Health, Fitness & SportsNewsStartups

Health Care Success: Emmanuel Opati on How XpertCare is the Future of Pediatric Subspecialty Telemedicine

Maryland-based Telemedicine startup shares success

7 minute read

Telemedicine is the remote accessibility of health care services. It is currently one of the most up-and-coming health industries. In addition, the telemedicine market is expected to reach $130.5 billion by 2025.  I recently had the distinct opportunity to interview Emmanuel Opati, CEO of XpertCare. Read our interview to learn more about how XpertCare is leading the way in pediatric subspecialty care.

1. Please tell us about yourself and XpertCare!

My name is Emmanuel Opati. I am the Chief Executive Officer of XpertCare. I am originally from Uganda and came to the US in 2005 for school at Johns Hopkins University. XpertCare is a telemedicine company based in Baltimore, Maryland and we provide subspecialty care to pediatric patients. We do this primarily through e-Consults.

2. What inspired you to start a telemedicine company?

XpertCare was inspired out of a personal experience of one of my co-founders. When his son needed to see a pediatric subspecialist, the next available appointment was six weeks away. We are talking about a doctor who was working at Massachusetts General Hospital at the time. This personal experience not only exposed the broken nature of the healthcare system in the US, but also highlighted the shortage of pediatric subspecialists in the country.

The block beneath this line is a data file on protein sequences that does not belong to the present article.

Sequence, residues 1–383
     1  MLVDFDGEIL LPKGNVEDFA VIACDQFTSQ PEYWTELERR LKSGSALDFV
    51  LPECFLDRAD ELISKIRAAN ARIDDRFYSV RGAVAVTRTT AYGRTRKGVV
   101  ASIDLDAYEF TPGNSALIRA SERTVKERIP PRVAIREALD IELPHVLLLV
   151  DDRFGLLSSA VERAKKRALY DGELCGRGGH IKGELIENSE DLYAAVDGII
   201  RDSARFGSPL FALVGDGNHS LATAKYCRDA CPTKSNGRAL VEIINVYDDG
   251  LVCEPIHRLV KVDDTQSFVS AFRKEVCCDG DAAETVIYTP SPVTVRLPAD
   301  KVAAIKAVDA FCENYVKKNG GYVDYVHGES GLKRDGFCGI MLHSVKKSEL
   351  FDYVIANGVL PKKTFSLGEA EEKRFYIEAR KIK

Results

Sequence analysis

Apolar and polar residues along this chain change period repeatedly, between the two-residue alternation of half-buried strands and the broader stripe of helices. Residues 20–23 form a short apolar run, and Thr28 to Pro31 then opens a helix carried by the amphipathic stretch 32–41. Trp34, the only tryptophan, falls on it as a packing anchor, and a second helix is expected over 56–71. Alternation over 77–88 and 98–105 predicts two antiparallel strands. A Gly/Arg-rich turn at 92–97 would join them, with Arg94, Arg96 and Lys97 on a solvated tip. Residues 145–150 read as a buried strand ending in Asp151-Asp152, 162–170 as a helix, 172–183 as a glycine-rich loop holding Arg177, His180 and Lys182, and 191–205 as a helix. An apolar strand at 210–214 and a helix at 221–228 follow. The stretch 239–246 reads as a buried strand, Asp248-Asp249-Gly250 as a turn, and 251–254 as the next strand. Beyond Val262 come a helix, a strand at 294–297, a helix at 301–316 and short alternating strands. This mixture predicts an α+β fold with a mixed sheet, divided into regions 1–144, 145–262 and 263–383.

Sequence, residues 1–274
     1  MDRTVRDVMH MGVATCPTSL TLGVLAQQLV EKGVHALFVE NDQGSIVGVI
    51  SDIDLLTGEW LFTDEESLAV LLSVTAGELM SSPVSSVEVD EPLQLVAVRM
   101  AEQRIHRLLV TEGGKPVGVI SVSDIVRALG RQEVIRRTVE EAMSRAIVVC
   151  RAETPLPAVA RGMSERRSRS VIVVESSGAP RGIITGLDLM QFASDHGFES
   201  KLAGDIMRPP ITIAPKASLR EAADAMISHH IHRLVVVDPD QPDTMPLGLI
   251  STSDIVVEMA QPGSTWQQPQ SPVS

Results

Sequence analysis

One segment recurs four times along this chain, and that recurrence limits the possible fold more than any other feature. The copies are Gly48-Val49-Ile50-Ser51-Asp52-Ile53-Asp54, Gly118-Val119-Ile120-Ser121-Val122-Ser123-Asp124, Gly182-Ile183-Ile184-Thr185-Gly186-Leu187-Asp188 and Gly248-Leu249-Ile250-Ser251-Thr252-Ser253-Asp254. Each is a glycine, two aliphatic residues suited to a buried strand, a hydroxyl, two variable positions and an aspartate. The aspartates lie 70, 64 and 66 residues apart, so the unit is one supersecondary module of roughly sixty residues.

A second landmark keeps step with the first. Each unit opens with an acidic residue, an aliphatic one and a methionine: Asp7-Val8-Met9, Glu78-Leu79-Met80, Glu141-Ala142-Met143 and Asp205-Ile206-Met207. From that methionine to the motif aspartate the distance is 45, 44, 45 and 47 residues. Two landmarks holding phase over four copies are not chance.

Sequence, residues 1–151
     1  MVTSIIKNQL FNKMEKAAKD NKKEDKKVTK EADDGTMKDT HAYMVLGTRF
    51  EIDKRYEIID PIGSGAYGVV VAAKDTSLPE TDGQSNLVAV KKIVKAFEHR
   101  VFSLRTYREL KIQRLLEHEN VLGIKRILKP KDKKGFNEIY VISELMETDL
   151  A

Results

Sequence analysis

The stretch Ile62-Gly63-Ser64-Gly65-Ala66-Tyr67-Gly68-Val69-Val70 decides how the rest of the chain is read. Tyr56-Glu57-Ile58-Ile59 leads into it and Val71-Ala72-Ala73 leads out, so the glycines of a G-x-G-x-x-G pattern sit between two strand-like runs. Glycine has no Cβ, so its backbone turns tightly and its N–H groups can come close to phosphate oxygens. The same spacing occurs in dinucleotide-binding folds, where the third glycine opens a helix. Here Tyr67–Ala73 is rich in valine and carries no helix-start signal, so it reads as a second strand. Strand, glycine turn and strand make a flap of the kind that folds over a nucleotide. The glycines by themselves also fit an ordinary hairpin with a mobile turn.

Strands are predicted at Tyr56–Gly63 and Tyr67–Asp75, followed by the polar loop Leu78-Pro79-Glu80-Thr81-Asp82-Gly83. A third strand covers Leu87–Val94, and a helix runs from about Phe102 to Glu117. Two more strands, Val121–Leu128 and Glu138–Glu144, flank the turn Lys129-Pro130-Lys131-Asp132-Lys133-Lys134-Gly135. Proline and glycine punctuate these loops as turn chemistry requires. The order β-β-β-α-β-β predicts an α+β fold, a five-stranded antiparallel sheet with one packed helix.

As parents, we started XpertCare to help other parents get timely access to pediatric subspecialists when needed. When your child is sick, there is no way you are going to wait six weeks to see a doctor. So, we decided to build a network of pediatric subspecialists who provide consultations remotely.

3. What is an e-Consult and how does it work?

e-Consult is short for “electronic consultation”. e-Consult is a modality where a primary care provider gets input from a specialist or subspecialist on the care of a patient. It is a widely used modality in academic medical centers and large healthcare systems for providing care and training. For example, at XpertCare, we have pediatric allergists/immunologists in the network who work with pediatric primary providers to manage kids with asthma. This is a more efficient way of providing high quality care than sending the patients to the emergency room. The challenge for primary care providers is that if you are not part of the large academic medical centers or healthcare systems, you don’t have a network of experts to consult. That is why we had to build a network of subspecialists who can be consulted by pediatric primary care providers.